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Where Internet Orders Mean Real Jobs, and New Life for Communities

Vast warehouses are being built, fueling a demand for lower-skilled workers and reviving areas that once relied on manufacturing.

Mediator: A Long-Delayed Reckoning of the Cost of Silence on Abuse

One reason we’re just hearing about harassment claims against Harvey Weinstein and Bill O’Reilly has to do with nondisclosure agreements signed by the accusers.

Tesla Plant in China May Be a First

Tesla is said to be moving closer to becoming the first foreign car company to have a wholly owned manufacturing operation in the country.

Tech Giants Are Paying Huge Salaries for Scarce A.I. Talent

Nearly all big tech companies have an artificial intelligence project, and they are willing to pay experts millions of dollars to help get it done.

Top Stories in last day


A Big Week for Earnings, and an Estimate for Economic Growth


European banks, tech companies and the big oil companies are all reporting their third-quarter results. And the economy is expected to have slowed.


Advertising: With Literary Support, Xerox Asserts Its Modern Relevance


Xerox, in collaboration with the 92nd Street Y, gathered essays from writers like Gary Shteyngart and Joyce Carol Oates to help reinforce its role in the workplace.


At BuzzFeed, a Pivot to Movies and Television


Matthew Henick, a onetime teenage ringtone magnate, is leading the company away from popular shorts toward deals with production studios.


Tillerson Warns Europe Against Iran Investments


With the U.S. considering reimposing sanctions on Tehran, companies do business with it “at great risk,” the secretary of state said.

A Showdown Brews Between Amazon and Alibaba, Far From Home

The e-commerce giants are spending billions in new markets like Southeast Asia and India to tap a rising new class of young, middle-class shoppers.

‘Tyler Perry’s Boo 2’ Is No. 1 Amid a Plethora of Duds


Hollywood cleaned its cupboard over the weekend, releasing five new films with limited potential. But Tyler Perry secured his sixth No. 1 opening.


E.P.A. Cancels Talk on Climate Change by Agency Scientists

www.nytimes.com also on The New York Times

Organizers of a Monday conference on the Narragansett Bay were told three E.P.A. scientists would not be allowed to present their work.


The Newseum Is Increasingly Relevant, but Can It Survive?

The institution that celebrates journalism is now reckoning with years of financial deficits, partly caused by a news industry in turmoil.

Sunday, Oct 22

O’Reilly Settled New Harassment Claim, Then Fox Renewed His Contract

In January, the Fox News host was said to have agreed to a $32 million settlement with a former network analyst, the largest of his known payouts.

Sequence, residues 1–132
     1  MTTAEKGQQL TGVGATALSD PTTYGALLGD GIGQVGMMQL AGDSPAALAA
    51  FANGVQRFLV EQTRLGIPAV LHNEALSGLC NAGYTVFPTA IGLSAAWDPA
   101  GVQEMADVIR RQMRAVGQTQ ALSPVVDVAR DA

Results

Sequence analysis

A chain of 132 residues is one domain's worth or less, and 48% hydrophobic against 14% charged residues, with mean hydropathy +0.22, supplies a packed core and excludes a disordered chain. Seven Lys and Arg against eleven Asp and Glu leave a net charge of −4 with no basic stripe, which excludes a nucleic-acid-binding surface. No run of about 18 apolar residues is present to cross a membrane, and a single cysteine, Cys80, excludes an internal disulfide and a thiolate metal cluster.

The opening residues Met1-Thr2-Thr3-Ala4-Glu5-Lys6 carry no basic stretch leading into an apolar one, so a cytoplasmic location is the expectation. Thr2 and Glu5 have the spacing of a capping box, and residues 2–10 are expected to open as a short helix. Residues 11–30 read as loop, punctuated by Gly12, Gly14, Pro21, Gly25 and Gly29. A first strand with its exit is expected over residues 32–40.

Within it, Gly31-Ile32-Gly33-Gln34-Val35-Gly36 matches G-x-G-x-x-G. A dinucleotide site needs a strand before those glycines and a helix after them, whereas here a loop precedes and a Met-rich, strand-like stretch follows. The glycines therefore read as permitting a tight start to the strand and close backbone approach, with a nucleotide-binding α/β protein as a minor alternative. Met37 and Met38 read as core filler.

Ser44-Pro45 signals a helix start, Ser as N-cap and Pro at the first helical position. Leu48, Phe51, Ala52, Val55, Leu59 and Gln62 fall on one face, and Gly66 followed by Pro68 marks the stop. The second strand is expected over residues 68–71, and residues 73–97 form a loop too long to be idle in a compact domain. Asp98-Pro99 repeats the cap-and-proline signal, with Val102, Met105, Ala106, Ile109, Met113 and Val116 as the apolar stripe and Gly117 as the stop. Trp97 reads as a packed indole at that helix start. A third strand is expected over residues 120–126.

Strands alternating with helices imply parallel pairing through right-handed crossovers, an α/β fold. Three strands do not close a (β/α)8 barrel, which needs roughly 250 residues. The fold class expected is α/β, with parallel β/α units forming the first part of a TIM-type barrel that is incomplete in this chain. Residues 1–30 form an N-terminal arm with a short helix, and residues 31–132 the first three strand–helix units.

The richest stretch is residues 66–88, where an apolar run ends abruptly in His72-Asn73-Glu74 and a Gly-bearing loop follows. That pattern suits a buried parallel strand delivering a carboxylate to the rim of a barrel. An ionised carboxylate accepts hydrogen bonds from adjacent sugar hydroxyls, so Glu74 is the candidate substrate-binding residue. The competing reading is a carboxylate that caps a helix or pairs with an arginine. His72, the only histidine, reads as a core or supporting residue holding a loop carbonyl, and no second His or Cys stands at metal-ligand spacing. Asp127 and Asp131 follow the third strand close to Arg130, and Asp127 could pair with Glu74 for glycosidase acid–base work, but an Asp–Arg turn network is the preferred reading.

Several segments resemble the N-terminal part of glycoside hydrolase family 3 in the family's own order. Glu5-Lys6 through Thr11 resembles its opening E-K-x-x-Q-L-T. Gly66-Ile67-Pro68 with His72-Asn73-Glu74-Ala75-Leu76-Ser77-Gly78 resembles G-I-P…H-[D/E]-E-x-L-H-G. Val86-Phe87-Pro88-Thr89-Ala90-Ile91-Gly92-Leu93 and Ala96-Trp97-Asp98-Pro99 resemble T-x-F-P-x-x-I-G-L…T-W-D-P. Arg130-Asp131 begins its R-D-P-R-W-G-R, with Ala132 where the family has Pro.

Saturday, Oct 21

The Finger-Pointing at the Finance Firm TIAA

Ex-employees and whistle-blowers question whether the provider of investment advice to people in public and nonprofit jobs does put its customers first.

Wealth Matters: Investors Push Into a Resurging Market: House Flipping


Funds that finance house flippers offer reliable returns of about 8 percent, for those who can invest at least $100,000.

After Harvey Weinstein’s Fall, Spotlight Finds His Brother

Bob Weinstein long operated in the shadow of his sibling, but is now scrambling to hold their company together while facing an uncertain future of his own.

Friday, Oct 20

Regulator Blasts Wells Fargo for Deceptive Auto Insurance Program

A federal regulator’s report added to pressure on Wells Fargo and suggested that the bank will have to set aside more money to pay back customers it harmed.

Your Money: The Long Story of the Movement Toward College Cost Clarity

New bipartisan bills are aimed at forcing colleges to clear up a murky, confusing system so that prospective students understand the options.

Japan’s Young Workers Get a Lift, and Its Leaders Profit

Prime Minister Shinzo Abe stands to benefit in Sunday’s elections because wage growth and a tight job market have demoted the economy as a campaign issue.

United Continental Shares Slip as Lower Profit Looms

Wall Street investors said they were skeptical of the airline’s plan to take on lower-cost competitors.

Thursday, Oct 19

Lyft Is Said to Explore I.P.O. as It Raises $1 Billion Led by Alphabet

The ride-hailing company is exploring a 2018 initial public offering, as it added fresh capital to its coffers from investors including a venture arm spun out of Google.

A Boom in Credit Cards: Great News for Banks, Less So Consumers

Card debt has soared to record levels, generating big profits for banks but leaving some people with unmanageable payments.

China’s Reform Hopefuls Watch for Names. Only One May Matter.

A leadership shuffle in the Communist Party could hint at its commitment to an economic overhaul, but Xi Jinping’s growing power may hinder that effort.

Europe’s Fastest-Growing Economy Could Be Headed for Trouble

Much of the growth in Romania is the product of a consumer bonanza, and economists worry that the good times cannot last given a lack of investment.

Wednesday, Oct 18

American Express C.E.O. Ken Chenault to Step Down

Mr. Chenault, who has led American Express since 2001, is one of corporate America’s few black chief executives.

State of the Art: How the Frightful Five Put Start-Ups in a Lose-Lose Situation

In Silicon Valley, small companies used to unseat big ones. Now the clutches of the five biggest tech companies are hard to escape.

Nafta Talks’ Extension May Make for Slow, Painful Demise

The prolonging of the trade talks leaves a narrow and challenging path to rewriting the pact.

George Soros Transfers Billions to Open Society Foundations

Mr. Soros has moved about $18 billion to Open Society, the charity he founded which promotes human rights around the world. He plans to give still more.